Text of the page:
Soon, the men broke into one of the wine jugs they brought with them, even inviting Nancy to join them in a drink, to which she replied, “I’ll take one swig with you,” and furthered their good cheer. The men kept drinking, Nancy kept cooking. By the time the bird was ready, the men were basking in the warmth of inebriation.

The Tories had stacked their rifles within easy reach when they first sat down and had paid them no mind since. Nancy asked the men to move her table to the center of the room giving her more space to serve the meal, the men complied, again with no thought to their weapons. It seems inebriation brings stupidity along with its warmth.

Nancy made sure to use up all the water her daughter brought before while cooking the meal and used a generous portion of salt in preparing it, as she served the men, she made sure she moved in and out and between them, thus making her movements seem natural. Soon, the men called for more water and again Nancy’s daughter was dispatched with the piggin (water skin) to the creek, this time with instructions to signal for the local militia, including her father, to come at once to the house.

All the while her daughter was off, Nancy had removed a board between two of the logs that made the cabin’s walls, she then slipped two of the muskets through unnoticed by her guests. She was slipping the third through when her luck ran out.

One of the soldiers noticed her actions and sounded the alarm. All the men sprang to their feet, but Nancy bested them. Maybe it was their drinking; maybe Nancy was just that quick. The reason really does not matter, as Nancy shouldered the musket she held before the men could reach her. She then threatened to kill the first man that stepped towards her. They all knew her reputation and for the moment that was enough to keep them away. Recovering his nerve, one of the men charged her and Nancy shot him dead.

While the men watch their compatriot die, Nancy armed herself with another musket. Soon after that, her daughter returned from her visit to the creek with news, Nancy’s husband and the militia would soon arrive. Nancy instructed her daughter to remove the remaining muskets from the room. The Tories realized time was short and rushed Nancy in a group. Nancy was up to the task and proved to the men just why her prior antagonists called her “War Woman.” She fired the new musket and another Tory fell. Nancy then leaped to the door, her daughter handed her another musket and she order the men to “surrender their ugly Tory carcasses to a Whig woman.” She held the men at bay until her husband and men arrived.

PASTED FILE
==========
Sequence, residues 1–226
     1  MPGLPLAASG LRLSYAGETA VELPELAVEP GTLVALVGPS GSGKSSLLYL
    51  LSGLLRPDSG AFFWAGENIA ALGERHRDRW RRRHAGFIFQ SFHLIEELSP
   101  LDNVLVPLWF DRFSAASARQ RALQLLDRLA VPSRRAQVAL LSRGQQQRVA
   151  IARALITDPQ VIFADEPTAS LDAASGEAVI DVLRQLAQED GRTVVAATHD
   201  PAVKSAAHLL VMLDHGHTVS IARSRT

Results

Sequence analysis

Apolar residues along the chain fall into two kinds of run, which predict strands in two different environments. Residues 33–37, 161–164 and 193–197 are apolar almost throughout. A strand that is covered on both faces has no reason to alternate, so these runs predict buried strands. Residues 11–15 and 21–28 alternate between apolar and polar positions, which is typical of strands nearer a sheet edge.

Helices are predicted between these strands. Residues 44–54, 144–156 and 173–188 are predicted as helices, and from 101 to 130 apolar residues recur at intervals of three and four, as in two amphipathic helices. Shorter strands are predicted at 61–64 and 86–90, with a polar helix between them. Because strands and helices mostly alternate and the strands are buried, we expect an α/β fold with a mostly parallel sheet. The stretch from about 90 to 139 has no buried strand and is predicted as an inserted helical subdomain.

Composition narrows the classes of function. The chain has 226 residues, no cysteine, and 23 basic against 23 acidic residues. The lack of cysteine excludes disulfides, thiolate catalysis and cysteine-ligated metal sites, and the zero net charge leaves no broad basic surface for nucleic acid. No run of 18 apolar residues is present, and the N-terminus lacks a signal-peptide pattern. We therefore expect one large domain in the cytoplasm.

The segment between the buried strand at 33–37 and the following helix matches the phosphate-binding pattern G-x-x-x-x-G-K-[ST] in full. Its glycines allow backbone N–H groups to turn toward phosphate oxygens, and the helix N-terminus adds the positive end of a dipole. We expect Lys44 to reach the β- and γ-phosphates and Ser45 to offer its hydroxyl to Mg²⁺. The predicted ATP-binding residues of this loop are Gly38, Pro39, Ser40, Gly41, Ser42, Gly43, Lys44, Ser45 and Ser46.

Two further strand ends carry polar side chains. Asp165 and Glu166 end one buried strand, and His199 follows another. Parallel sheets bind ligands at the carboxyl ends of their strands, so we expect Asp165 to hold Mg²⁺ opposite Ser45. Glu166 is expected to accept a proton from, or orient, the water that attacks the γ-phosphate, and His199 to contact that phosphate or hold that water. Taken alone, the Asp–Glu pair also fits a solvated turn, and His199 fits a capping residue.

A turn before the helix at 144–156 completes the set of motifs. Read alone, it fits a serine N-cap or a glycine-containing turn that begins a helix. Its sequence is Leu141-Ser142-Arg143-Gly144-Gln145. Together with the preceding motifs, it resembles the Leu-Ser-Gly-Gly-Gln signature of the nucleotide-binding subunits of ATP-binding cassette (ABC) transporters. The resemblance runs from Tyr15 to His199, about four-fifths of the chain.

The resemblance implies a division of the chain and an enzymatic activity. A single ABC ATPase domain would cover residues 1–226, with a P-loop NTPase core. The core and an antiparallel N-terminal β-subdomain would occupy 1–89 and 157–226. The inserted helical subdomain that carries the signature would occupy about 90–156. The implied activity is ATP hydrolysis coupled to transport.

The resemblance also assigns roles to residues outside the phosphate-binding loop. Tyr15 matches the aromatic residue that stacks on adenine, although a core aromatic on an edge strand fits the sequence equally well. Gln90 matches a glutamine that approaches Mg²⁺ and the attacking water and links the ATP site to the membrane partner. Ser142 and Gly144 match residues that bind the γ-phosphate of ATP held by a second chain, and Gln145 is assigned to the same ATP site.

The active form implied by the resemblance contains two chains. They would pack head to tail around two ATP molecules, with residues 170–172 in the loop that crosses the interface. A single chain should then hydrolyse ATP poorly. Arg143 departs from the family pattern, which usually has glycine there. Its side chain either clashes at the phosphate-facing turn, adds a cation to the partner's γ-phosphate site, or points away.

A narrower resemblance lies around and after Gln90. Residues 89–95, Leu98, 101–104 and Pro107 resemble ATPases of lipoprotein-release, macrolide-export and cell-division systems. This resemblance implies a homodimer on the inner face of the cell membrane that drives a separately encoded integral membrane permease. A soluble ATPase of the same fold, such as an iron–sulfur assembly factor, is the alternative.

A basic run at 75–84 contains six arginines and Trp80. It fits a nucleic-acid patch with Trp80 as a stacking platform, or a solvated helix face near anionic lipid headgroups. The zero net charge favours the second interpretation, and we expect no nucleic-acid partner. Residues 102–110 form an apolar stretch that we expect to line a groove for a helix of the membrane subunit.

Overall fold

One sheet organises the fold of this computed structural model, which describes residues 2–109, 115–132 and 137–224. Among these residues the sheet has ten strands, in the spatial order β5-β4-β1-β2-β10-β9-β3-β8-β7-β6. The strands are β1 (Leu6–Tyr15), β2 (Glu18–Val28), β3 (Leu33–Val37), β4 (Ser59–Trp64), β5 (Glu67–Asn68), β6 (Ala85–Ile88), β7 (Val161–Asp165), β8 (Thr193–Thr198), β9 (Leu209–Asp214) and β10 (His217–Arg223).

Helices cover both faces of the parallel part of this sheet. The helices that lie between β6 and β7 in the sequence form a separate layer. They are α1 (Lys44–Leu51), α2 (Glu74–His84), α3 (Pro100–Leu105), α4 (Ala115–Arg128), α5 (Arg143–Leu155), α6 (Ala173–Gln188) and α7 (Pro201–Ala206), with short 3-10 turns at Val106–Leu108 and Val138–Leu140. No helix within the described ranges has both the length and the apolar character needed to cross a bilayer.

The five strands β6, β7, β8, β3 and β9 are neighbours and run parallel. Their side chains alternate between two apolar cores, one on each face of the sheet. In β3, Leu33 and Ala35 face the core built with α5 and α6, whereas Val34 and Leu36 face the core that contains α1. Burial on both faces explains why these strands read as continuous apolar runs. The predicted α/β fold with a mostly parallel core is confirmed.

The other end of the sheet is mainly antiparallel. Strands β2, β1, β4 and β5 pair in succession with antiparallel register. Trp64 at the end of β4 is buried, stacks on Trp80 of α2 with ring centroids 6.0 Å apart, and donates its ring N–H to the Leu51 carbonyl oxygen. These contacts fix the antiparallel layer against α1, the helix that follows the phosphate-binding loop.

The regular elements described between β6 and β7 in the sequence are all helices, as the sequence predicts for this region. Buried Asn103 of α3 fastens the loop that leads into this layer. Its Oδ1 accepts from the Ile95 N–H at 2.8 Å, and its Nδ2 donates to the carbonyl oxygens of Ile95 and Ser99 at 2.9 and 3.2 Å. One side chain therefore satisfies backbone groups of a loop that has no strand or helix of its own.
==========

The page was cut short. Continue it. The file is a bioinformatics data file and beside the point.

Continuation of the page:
The Whig Militia men wanted to shoot the captive Tories but Nancy declared that was too good for them, as they had just killed Col. Dooly. She demanded they be hung and the militia took the men out and complied with her wishes.

After the war, Nancy and family moved to Brunswick, Georgia but she lost her husband Benjamin within a year or so.  She then relocated to Kentucky with one of her sons. Nancy passed away in 1830 in Henderson County, Kentucky. She is buried in the family cemetery there.

Georgia honors Nancy’s memory in many ways, Hart County being named for her, for instance. It is the only county in Georgia named for a woman, the “War Woman.”

Nancy Hart is a larger than life figure, but she did live. While the details of her exploits are undoubtedly embellished, the truth behind them remains. She was a six-foot tall, fiery, redheaded woman with a face scarred by small pox. What she may have lacked in beauty, she more than made up for in spirit and tenacity that is the stock of what makes up our mythical American spirit. Nancy proves, without a doubt, women are ever much as heroic as men. The fact is damn few men are even close to being as heroic as Nancy.